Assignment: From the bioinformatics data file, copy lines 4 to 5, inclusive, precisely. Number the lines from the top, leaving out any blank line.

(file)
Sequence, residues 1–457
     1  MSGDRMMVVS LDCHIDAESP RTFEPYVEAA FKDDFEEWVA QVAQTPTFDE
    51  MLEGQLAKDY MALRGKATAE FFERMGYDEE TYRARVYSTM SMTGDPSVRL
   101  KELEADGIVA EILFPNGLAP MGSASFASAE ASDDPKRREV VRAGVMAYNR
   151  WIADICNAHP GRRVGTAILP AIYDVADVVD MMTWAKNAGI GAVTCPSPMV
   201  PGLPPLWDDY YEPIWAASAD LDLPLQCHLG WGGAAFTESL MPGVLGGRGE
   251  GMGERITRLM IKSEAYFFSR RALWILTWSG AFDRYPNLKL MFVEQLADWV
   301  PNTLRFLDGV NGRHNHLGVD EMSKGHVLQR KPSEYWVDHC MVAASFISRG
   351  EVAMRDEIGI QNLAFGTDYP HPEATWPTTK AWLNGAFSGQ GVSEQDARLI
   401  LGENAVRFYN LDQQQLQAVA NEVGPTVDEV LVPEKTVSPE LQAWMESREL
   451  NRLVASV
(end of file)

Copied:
   101  KELEADGIVA EILFPNGLAP MGSASFASAE ASDDPKRREV VRAGVMAYNR
   151  WIADICNAHP GRRVGTAILP AIYDVADVVD MMTWAKNAGI GAVTCPSPMV